When I reached Avenida Francisco de Miranda, Capriles was already speaking. His voice —amplified by invisible speakers— seemed placed above us, directing the meeting to the Ombudsman’s Office. For this eighteen-year-old opera, this was new. He was telling us to take the fight not to some secluded spot in the city, but to one of the seats of government.

If you block your street, Diosdado will laugh as he stirs his scotch with his pinky. But if you march right to where he is, you challenge the infrastructure of power.

So, minutes after Capriles’s speech, María Corina, Pizarro, Ocariz and Capriles himself are walking right next to us. Watching them, people cheer and get hectic. They’re embraced by a halo of celebrity that still makes a deep impression on us. The vibe is very civil, similar to the one on September the 1st. People walk, sing, smile, take pictures. You forget what you’re doing, where you’re going, what’s about to happen. It feels normal.

As soon as we get to Libertador avenue, we meet the goons.

If you stand on a bench or climb on a fence, you can see the sea of people, and if you stay there for a while, you notice the tide never seems to ebb. Lots of folks, but this is a strictly civilian gathering; a lot of women, young and old. No kids or pets on my front, thanks Jesus, but quite a bit of older people, in all shapes and colors. This is not the type of crowd who will froth at the mouth and charge at the enemy, particularly one that’s better equipped for a fight.

As soon as we get to Libertador avenue, we meet the goons. I’d tell you it’s just like you see on TV, except TV hasn’t shown a single image of protest all week. So let’s adjust: It’s just like you see on the web. They go into formation, shields up, a human barrier in riot gear, little white tanks on each side and, even with all the distance in between, you can already feel that itch inside your throat.

This party began way before I arrived. A tear gas cannister leaves a trail of white smoke like the ink of a fleeing octopus, only that when it reaches the floor, the ink becomes a cloud. The stakes are raised and, even though the agents of dictatorship are standing right ahead, everyone keeps walking.

So you walk with them.

I won’t lie, some people do stay behind, but there’s no lack of front-liners. Voices are raised, paper masks are handed out, white faces begin to show up. The younger ones take off their shirts, turn them into hoods and pick up rocks, the classic tool of the Venezuelan protesters to defend themselves against repression.

That we were going to meet violence was a known fact. What we didn’t know was the shape of that violence, or its scale.

One of the most personal choices you can make in Venezuela is to go out and protest. It’s as personal as taking up a new career, marrying or having a kid. It shouldn’t be like that. It should just be a civil right, like any other, performed in peace and quiet, as it was before 2002, when we found chavismo could shoot at us and get away with it.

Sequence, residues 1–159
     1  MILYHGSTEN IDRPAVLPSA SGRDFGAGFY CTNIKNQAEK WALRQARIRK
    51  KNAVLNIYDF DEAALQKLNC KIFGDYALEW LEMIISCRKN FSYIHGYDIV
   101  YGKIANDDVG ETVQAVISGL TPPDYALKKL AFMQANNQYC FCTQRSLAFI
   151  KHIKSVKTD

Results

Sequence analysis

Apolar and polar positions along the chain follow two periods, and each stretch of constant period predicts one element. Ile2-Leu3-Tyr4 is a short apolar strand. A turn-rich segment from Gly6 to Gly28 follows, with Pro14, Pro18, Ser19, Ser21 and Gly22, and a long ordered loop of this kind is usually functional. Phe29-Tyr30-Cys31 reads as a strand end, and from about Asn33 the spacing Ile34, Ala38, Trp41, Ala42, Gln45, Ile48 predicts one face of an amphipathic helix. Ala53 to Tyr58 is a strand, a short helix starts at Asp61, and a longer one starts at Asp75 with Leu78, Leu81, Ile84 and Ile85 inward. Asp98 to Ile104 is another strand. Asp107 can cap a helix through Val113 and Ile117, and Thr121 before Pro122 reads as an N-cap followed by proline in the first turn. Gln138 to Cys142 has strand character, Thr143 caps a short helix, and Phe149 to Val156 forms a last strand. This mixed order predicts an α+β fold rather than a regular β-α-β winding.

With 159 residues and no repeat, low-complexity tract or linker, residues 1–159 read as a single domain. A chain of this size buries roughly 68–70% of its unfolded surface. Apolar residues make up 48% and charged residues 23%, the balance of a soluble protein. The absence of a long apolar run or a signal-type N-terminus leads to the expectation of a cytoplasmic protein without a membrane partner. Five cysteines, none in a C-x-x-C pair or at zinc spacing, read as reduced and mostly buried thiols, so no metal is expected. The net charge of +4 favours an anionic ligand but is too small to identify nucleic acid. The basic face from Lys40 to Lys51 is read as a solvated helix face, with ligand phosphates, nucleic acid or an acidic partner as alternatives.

That we were going to meet violence was a known fact. What we didn’t know was the shape of that violence, or its scale. Tear gas? Will they fire plastic pellets at us (and if they do, would it be to the face)? Will they hit us with their batons or cut to the chase and open fire with their guns?

Other questions come to mind. If push comes to shove, where do I run to? Who’s walking beside me? What do I do if I get arrested?

You tell yourself that you’ll be sharp, eyes open, fully vigilant; and that’s how you’re going to avoid the cuffs. But I’m pretty sure that’s exactly what all the poor fucks arrested in eighteen years of chavismo thought, too.

Protesting in Venezuela means taking a step forward and putting your life on the line. A measured bet in some ways, but this country is nothing if not unpredictable. That’s why I don’t think you can force someone else to go out and fight. Life is precious; safeguarding it, to me, is not selfish at all.

My reasons, like yours, are purely mine. I don’t want to be a keyboard warrior, I don’t want to talk the talk and be afraid to walk the walk. I’m a punk-loving liberal and I want to live according to my ideals –and watching all other folks facing down the dictatorship through a screen felt wrong somehow.

Walking on Saturday, April 8, surrounded by a swarm of protesters, I could understand what has encouraged men, since the dawn of time, to volunteer for war. Sucks ass, it’s dangerous, but the cost of not doing it feels higher than the cost of risking it. We crossed “the line of departure”, a military term for the imaginary line beyond which a unit is committed to an attack.

Sometimes you gotta do what you gotta do.

So when the actual soldiers engage us (why? we’re just walking), we all have the choice to turn around and go home. It’s the easiest thing to do —actually, staying home is easier—, but if you’re like me, the same drive that brought you here tells you that we’re not going back until we accomplish something. You don’t want to be that pussy who ran off as soon as the creeps came on. You’re not alone: shouts of “Resistance!” and “Keep advancing!” ring out all around and what you saw on the internet, the famous “we’re all through with fear” turns into an actual, physical thing that you can touch with your hand.